Category: Anamnesis



Include secondary gain in your differential when you have patients asking for controlled substances. These drugs include opioid pain killers, benzodiazepines, or stimulants.

Thus secondary gain needs to be part of the differential diagnosis for patients with chief complaints that can be classified as pain, anxiety or attention deficits.

The waiting room examination is an essential part of the general examination for these patients.  Think about the patient complaining of unbearable pain comfortably texting away while relaxing in the lounge chair, the calm and cool looking young fellow who “can’t seat still becasuse of my anxiety” or the patient who leaves his book with a sigh when his name is called only to tell you later about his ADHD. That is good information to have when will start your assessment.

In the same spirit, begin your examination with open-ended questions such as what’s a typical day like, what do you do for a living, how do you spend your free time, what do you enjoy doing, what are your strengthens etc. i.e. focus your interview away from (rather than on) the chief complaint. These somewhat counter intuitive strategy is a necessary ingredient for drawing a big picture that will place the patient’s chief complaint in a contextual perspective and will thus likely increase the validity of your assessment.

At the end of this process you might find out that:

1. The context does not support the text. Will rule in secondary gain and rule out a controlled substance prescription. By proceeding this way and walking the patient through the details of your decision-making you are also increasing the chances that the patient might actually agree (or at least understand where you are coming from) when you announce your final decision.

2. The context validates the text. While a controlled substance is indicated what you accomplished is to paint a picture of not only the deficits but also of the strengths that the patient has – an informative and at the same time a therapeutic result.

Gain – gain situation out of a potentially explosive situation.

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In psychiatry we like to think along bio-psycho-social dimensions. Our current axial diagnosis is a reflection of this.

The reasons for our interest in things beyond the “biological” are straight forward. First, as it’s hard to draw a line in the sand separating where the brain ends and the mind begins and this mind that doesn’t separate clearly from the brain cares about our psychosocial environments. In other words, psychosocial events are, more times than not, an important cause for our thoughts, emotions, and behaviors. This does not mean biology does not matter. But it does mean that any examination of mind/brain continuum needs to include a psychosocial assessment to ensure that the collected data is non-biased and thus valid.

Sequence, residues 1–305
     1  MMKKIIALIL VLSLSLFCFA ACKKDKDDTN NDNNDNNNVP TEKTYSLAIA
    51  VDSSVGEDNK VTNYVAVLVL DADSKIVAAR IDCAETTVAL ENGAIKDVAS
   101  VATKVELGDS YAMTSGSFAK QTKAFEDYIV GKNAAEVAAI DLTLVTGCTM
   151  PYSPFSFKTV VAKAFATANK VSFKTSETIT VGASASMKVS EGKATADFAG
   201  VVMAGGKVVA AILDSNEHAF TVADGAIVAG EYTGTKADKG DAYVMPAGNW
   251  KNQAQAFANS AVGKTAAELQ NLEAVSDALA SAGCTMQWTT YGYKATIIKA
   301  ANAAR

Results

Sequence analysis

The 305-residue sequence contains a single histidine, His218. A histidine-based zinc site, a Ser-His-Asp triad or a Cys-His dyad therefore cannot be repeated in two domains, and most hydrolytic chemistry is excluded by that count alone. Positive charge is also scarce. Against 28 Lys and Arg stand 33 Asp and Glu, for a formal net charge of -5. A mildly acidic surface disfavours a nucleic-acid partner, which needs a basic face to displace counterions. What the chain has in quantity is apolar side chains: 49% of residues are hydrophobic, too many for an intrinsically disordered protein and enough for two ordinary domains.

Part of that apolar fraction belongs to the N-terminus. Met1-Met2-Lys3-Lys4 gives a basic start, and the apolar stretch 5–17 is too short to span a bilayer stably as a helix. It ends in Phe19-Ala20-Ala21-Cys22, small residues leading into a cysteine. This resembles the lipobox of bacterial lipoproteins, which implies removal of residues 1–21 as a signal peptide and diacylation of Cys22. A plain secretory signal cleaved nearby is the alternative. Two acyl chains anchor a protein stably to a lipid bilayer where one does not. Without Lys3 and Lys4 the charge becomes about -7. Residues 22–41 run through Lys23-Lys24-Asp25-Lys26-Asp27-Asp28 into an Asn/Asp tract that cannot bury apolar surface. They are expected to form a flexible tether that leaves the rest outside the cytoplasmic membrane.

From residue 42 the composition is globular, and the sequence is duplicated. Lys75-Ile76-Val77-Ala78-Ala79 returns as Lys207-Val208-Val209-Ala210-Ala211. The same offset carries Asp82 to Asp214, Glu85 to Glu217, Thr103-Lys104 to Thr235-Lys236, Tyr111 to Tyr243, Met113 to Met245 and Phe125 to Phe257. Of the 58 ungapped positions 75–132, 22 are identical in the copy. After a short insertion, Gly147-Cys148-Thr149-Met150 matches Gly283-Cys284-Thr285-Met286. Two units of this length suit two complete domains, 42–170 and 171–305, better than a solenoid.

One of the unintended consequences of the DSM descriptive approach has been a shift in the focus of the mental health interview: from the broader themes of nature AND nurture and the implicit goal of attempting to establish cause and effect type of relationships between the different layers of one’s history, to a symptoms-focused, descriptive only approach. The gains in precision came at the price of slashing the context, which, as it turns out, is essential in understanding the deeper levels of pathology. And by “deeper level” I am not referring to the psycho-dynamic foundation of that out-of-consciousness conflict, but only to the fact the there are different levels of description. And chance is that the most superficial layer is, well, the most superficial one. Meaning, subject to much deformation and bias; as such, not nearly as accurate as the deeper levels.

Case and point: A case of chronic exhaustion

Mr. Tiredalot is a middle age gentleman complaining of no longer been able to enjoy things (including sex), feeling exhausted all the time, amotivated, dragging his feet, unable to concentrate, not sleeping for the last few weeks. There are no medical or substance abuse issues. Mr. Tiredalot denies any recent stressors. As he meets DSM criteria for depression he is started on an SSRI.